Sorry to be gone so long. This is a stretch of my life that includes a variety of momentous events (bat mitzvah of daughter, son going off to college, daughter starting high school–and all in three weeks) as well as those that are ordinary in the academic life (starting fall classes) and it is just wildly busy.
Anyway, there’s an article in today’s NYT about the use of DNA testing in India. Though it’s not perfect, it’s certainly worth a read and it provides some food for thought/discussion.
For the most part, the article looks at how the rise of cheap, easy and accurate DNA testing is playing out in situations where the paternity of married men is questioned. In this context, perhaps the central observation is that if the DNA of the child does not match that of the husband, then the husband knows that his wife has been unfaithful. This knowledge brings with it various ramifications. Notably, it might be grounds for divorce and/or it might be grounds for resisting an order of child support.
This isn’t a new point on the blog, but it is worth restating. One of the things about DNA is that it can provide incontrovertible (or near enough to incontrovertible) evidence of past historical facts. The DNA of the child tell everyone something about events that must have happened in the past. In this regard, DNA testing is like fingerprinting. If a fingerprint is found in a location, it allows us to conclude (generally) that a particular person was there.
(I feel compelled to note that there are still areas for dispute. It’s always possible that the wife was impregnated via insemination, with or without the consent of the husband. But that’s surely the unusual case.)
The next step in the discussion is familiar terrain for readers here. The question is from a legal point of view what follows from establishing past historical fact. It’s here that the article gets a bit muddled, in my view, as the author doesn’t make clear that genetic parenthood and legal parenthood are not identical concepts and that, historically speaking, there has never been a perfect overlap of the two.
One thing that strikes me–though it isn’t mentioned by the author–is how similar the questions in India are to those raised here. This may well be a commonality you’d find in most legal cultures that trace their origins to English law.
In any event, the problem is the presumption that, as a matter of law, the husband is the legal father of the child born to the wife. What do we do (and what do the Indian courts do) with the presumption in the fact of historical evidence that he is not the genetic father? If the presumption of paternity is strong enough, then the DNA test becomes (legally) irrelevant. And presumably this is the basis on which a man like N.D. Tiwari might resist DNA testing.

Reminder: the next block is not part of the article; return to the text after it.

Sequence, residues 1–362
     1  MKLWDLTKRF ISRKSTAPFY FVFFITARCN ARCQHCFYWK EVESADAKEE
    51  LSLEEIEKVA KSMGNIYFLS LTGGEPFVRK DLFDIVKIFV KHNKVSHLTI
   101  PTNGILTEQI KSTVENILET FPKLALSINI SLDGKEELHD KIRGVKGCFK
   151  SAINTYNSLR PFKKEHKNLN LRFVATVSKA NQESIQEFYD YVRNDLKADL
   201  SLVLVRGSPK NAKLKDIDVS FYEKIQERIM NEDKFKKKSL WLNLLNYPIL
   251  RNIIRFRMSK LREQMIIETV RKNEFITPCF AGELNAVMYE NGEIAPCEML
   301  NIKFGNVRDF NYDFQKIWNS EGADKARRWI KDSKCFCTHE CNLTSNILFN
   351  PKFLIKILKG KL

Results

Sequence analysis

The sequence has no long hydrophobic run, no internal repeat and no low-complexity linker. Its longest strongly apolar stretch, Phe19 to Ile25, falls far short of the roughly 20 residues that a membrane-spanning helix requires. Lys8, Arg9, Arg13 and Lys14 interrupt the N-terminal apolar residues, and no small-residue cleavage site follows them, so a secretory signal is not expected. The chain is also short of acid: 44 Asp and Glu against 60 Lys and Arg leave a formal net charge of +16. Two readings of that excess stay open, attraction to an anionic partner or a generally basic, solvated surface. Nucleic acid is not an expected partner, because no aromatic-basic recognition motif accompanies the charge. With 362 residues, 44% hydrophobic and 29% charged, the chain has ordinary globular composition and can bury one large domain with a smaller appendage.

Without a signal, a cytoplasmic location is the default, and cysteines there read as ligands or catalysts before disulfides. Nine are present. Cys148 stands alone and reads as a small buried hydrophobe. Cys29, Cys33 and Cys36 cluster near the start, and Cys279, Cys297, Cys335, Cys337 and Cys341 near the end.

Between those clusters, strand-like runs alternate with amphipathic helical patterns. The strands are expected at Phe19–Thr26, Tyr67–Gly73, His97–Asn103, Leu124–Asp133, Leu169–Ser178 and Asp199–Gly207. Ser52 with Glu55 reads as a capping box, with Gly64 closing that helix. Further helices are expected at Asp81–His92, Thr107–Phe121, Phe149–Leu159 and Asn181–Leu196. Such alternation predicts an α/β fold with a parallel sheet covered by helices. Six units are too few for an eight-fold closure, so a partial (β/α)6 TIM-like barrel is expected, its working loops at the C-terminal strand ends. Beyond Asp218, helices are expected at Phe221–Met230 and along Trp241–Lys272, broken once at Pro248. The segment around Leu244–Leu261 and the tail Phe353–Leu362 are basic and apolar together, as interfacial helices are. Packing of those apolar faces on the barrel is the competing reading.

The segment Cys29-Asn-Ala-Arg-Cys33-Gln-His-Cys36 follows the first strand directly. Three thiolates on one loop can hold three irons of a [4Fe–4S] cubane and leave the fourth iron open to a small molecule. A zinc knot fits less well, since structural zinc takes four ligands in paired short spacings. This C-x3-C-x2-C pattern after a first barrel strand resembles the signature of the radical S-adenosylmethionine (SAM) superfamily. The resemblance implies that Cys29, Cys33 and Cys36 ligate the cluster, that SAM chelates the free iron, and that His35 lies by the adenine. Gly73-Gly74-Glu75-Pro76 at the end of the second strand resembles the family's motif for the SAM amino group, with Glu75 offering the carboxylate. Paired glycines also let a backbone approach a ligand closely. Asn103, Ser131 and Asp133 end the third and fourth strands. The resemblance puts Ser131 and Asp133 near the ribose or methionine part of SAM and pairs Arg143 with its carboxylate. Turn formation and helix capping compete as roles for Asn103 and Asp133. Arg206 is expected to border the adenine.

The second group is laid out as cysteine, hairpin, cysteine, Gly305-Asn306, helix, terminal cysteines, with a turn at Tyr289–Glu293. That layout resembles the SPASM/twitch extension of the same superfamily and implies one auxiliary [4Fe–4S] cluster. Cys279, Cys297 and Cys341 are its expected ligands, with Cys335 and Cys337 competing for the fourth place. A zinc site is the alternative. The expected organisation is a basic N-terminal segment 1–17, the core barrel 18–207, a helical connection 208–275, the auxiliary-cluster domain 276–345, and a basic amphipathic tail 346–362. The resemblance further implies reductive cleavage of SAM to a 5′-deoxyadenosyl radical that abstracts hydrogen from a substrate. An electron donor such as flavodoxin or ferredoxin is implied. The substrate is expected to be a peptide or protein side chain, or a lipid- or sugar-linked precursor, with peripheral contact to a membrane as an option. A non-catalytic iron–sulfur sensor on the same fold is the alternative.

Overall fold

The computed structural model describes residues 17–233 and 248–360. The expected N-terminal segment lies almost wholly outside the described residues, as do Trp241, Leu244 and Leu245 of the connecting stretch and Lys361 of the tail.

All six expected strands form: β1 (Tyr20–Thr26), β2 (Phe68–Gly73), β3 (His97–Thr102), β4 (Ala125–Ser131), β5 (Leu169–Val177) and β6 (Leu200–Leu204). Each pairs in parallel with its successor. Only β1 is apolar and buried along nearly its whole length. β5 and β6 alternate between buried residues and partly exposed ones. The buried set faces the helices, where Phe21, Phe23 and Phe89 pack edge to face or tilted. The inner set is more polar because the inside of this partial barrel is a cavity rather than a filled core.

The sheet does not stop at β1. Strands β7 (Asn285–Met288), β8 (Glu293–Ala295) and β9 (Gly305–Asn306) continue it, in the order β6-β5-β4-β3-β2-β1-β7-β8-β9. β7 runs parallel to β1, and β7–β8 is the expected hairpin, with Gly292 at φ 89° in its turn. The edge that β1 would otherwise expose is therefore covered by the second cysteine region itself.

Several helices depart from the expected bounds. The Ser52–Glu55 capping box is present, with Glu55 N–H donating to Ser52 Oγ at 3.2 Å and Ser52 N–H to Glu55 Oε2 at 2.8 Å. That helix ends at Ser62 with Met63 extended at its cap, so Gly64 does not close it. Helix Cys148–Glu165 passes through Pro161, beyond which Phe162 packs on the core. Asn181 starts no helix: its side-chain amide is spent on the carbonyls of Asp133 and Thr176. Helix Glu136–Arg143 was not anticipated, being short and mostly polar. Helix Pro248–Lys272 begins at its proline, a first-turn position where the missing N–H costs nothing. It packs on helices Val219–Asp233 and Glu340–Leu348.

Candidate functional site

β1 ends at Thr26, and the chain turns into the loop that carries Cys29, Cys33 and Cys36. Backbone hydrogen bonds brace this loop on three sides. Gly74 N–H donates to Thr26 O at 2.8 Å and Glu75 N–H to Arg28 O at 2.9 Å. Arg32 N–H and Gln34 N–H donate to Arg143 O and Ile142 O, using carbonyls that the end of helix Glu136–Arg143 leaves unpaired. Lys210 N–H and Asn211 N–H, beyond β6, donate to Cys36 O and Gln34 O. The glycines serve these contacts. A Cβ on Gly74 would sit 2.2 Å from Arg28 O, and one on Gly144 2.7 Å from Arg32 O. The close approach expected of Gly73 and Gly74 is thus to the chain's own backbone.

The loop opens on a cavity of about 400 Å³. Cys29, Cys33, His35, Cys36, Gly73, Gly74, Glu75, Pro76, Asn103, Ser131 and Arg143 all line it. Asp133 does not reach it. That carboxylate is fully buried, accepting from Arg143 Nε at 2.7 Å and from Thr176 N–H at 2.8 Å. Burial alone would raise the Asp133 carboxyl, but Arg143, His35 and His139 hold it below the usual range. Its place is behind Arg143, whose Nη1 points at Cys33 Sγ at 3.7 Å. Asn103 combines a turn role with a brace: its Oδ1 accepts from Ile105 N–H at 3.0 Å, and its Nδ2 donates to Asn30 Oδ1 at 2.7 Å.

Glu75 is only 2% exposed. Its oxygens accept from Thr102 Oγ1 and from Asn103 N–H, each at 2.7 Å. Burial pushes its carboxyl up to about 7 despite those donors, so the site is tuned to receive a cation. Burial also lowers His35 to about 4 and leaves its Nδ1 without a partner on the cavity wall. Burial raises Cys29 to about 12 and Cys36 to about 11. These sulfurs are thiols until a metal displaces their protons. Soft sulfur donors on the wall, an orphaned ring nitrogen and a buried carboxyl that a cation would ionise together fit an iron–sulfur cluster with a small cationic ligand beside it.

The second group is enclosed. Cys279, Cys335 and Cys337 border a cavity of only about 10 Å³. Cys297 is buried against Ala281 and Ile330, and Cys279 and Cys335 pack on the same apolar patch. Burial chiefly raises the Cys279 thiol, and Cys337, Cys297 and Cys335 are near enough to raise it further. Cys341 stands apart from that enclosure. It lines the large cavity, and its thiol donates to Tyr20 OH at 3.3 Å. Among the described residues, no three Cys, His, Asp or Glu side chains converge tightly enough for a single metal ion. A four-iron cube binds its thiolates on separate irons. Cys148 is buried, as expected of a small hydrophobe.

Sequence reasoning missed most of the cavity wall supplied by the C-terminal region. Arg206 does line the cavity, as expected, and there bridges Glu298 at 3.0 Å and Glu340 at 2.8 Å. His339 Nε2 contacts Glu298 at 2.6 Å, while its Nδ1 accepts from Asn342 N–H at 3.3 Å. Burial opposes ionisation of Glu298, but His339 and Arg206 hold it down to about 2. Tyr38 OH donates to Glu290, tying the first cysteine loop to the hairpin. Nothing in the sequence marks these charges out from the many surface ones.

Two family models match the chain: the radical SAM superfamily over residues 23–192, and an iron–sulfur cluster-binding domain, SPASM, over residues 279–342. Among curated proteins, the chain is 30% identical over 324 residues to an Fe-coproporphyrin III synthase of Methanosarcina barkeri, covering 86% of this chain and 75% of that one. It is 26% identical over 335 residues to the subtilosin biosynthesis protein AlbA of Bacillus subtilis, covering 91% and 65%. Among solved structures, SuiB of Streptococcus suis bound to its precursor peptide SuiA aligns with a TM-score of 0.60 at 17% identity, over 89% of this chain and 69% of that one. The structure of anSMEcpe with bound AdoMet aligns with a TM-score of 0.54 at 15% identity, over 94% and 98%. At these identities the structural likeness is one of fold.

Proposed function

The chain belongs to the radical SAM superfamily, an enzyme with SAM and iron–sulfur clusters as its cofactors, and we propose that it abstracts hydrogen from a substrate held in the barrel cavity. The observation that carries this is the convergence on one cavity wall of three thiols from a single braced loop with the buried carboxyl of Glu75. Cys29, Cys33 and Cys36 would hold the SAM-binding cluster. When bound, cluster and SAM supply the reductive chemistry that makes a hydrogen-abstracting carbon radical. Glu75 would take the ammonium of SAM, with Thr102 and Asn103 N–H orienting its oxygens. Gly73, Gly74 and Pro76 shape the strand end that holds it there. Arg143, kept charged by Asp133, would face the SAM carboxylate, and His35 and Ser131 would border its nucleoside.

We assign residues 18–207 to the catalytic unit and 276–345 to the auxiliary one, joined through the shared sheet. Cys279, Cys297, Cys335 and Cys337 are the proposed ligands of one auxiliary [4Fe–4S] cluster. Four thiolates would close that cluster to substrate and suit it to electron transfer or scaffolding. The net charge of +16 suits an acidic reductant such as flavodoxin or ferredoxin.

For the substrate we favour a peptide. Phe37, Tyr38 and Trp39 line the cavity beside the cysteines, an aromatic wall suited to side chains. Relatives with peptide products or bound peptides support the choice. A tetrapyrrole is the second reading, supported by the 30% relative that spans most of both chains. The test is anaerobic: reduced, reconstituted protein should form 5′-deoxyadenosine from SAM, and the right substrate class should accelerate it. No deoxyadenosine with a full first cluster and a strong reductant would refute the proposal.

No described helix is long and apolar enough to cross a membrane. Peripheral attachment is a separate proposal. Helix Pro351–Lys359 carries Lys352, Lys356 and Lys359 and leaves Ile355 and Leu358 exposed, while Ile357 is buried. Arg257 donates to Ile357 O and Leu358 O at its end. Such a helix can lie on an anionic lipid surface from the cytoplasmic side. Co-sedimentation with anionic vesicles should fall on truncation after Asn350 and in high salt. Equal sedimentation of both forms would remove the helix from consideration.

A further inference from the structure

The article raises a variety of issues that we’ve discussed here. For anyone reading the blog regularly the issues ought to be familiar. Crucially there are a variety of situations in which DNA testing might play a role. You might have an adult child (like Rohit Shekar) who seeks DNA testing in order to learn something about his own origins and identity. Or you might have a husband seeking to avoid a child support obligation. (I assume there is no child support at issue in the case of Rohit Shekar as he is 28.)
If it is a case of a husband attempting to avoid a child support obligation you could still have a variety of situations. It might be an instance where the child is very young (or even in utero) or it might be an instance where the child is much older–say a teenager. If the latter, then the man might have performed as the child’s social parent for a long time while the genetic father might be entirely unknown to the child.
It seems to me that a key difference between the Shekar-type case and this latter one is where how the interests of the child comes into the analysis. The child, of course, is always an innocent party in these cases (having had nothing to do with the circumstances of conception) and we might want to put the well-being of the child first.
If it is the now-adult child seeking the information than obviously the child wants it/feels a need for it and I think we tend to trust that this shows it is in the child’s interest. By contrast, where the husband seeks to avoid child support it is hardly clear that it is in the child’s interest to allow him to do so. Indeed, in the last of the circumstances above (where the man has served as social father for a long time) it may well be entirely contrary to the child’s interest.
I would not say that this dictates that we MUST reach a different conclusion in those cases, but it seems to me that we at least ought to think about the different sorts of cases differently. It seems to me quite possible to think one should order DNA testing where the adult child wants it but not where the long-serving social father wants to evade a support obligation.
In any event, there’s a lot packed into that article and a great deal to think about.